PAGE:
Friday, December 10, 2010

Tis the season

A friend of mine posted a poem on risk from a soup kitchen in Detroit. I don't have a lot of time to polish anything this morning, but I just want to say to my friends, and anyone else who might stumble into this blog, that this holiday season can bring many needs and opportunities to the surface.

If you are experiencing a need, take a risk and share it. Everyone goes through something. Nine years ago, my husband was injured and unable to work. Two weeks before that, while vacationing with him and our toddler, we found out I was pregnant with our second child. He went back to work toward the end of the summer, but re-injured himself shortly before our baby was due. He was out of work again for the rest of the year.

During this, we needed all sorts of help. I was hormonal, I don't handle money stress well, and all along our journey, my friends and others gave what they had - one gave me some part-time work, another personal and financial and diaper support, another the ability to give our oldest a Christmas gift, several more coming when my husband couldn't drive and I couldn't drive and we had to make a trip to urgent care. We were humbled and blessed by their care for us. They loved us as Jesus loved, in deed and in truth, but we had to let them into our lives.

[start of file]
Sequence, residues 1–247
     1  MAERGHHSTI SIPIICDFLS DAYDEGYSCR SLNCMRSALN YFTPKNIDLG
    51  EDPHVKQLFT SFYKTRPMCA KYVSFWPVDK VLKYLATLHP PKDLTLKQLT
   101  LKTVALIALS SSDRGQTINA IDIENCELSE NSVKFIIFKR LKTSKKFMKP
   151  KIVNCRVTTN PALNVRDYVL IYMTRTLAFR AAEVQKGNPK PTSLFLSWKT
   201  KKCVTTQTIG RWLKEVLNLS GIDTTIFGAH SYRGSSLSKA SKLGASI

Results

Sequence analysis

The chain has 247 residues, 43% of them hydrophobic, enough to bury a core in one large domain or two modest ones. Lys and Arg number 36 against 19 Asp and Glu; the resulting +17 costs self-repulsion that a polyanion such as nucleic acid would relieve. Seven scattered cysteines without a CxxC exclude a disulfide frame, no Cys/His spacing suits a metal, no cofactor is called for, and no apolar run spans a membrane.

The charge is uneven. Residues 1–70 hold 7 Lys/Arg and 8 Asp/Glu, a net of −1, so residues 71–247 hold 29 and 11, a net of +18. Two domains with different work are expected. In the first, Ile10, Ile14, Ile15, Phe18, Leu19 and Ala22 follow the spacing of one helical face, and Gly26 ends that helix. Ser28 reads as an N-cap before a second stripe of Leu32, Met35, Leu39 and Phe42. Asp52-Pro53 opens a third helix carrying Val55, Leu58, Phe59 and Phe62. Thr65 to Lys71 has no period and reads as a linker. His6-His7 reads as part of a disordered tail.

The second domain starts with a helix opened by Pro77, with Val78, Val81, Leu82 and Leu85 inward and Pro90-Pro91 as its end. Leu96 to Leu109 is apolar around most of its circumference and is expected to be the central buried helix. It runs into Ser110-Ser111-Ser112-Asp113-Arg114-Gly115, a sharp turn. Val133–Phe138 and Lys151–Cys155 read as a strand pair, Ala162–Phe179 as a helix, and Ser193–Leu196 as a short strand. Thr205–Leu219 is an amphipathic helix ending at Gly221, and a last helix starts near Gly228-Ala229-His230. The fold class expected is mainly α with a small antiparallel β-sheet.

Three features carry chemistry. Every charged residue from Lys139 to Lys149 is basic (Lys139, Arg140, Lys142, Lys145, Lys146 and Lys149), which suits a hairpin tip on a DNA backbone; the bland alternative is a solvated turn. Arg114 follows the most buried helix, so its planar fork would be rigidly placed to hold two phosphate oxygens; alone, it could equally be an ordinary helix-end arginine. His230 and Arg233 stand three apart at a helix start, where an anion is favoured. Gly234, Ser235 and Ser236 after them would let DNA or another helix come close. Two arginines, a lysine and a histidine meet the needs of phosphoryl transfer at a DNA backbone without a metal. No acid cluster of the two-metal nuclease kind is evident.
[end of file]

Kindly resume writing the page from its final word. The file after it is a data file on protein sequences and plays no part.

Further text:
If you are not experiencing a need, help. In our area, need is increasing. Our small local pantry registered 60 new clients from July-December. According to our school district, the percentage of students who qualify for free and reduced lunches continues to rise, one school nearing fifty percent.

Maybe you don't have much, but, as our area director said, "Even a can of corn helps." A can of corn is on sale this week for fifty cents. Take the time to understand who serves your communities and see what you can do. Here's a place to start, but you may want to go a little further. My local pantry, started during the economic downturn in the late seventies or early eighties, is not listed here. Maybe it's the same for yours. Ask around. If you've got kids in school, ask teachers and administrators who they contact when there's a need and see how you can help.

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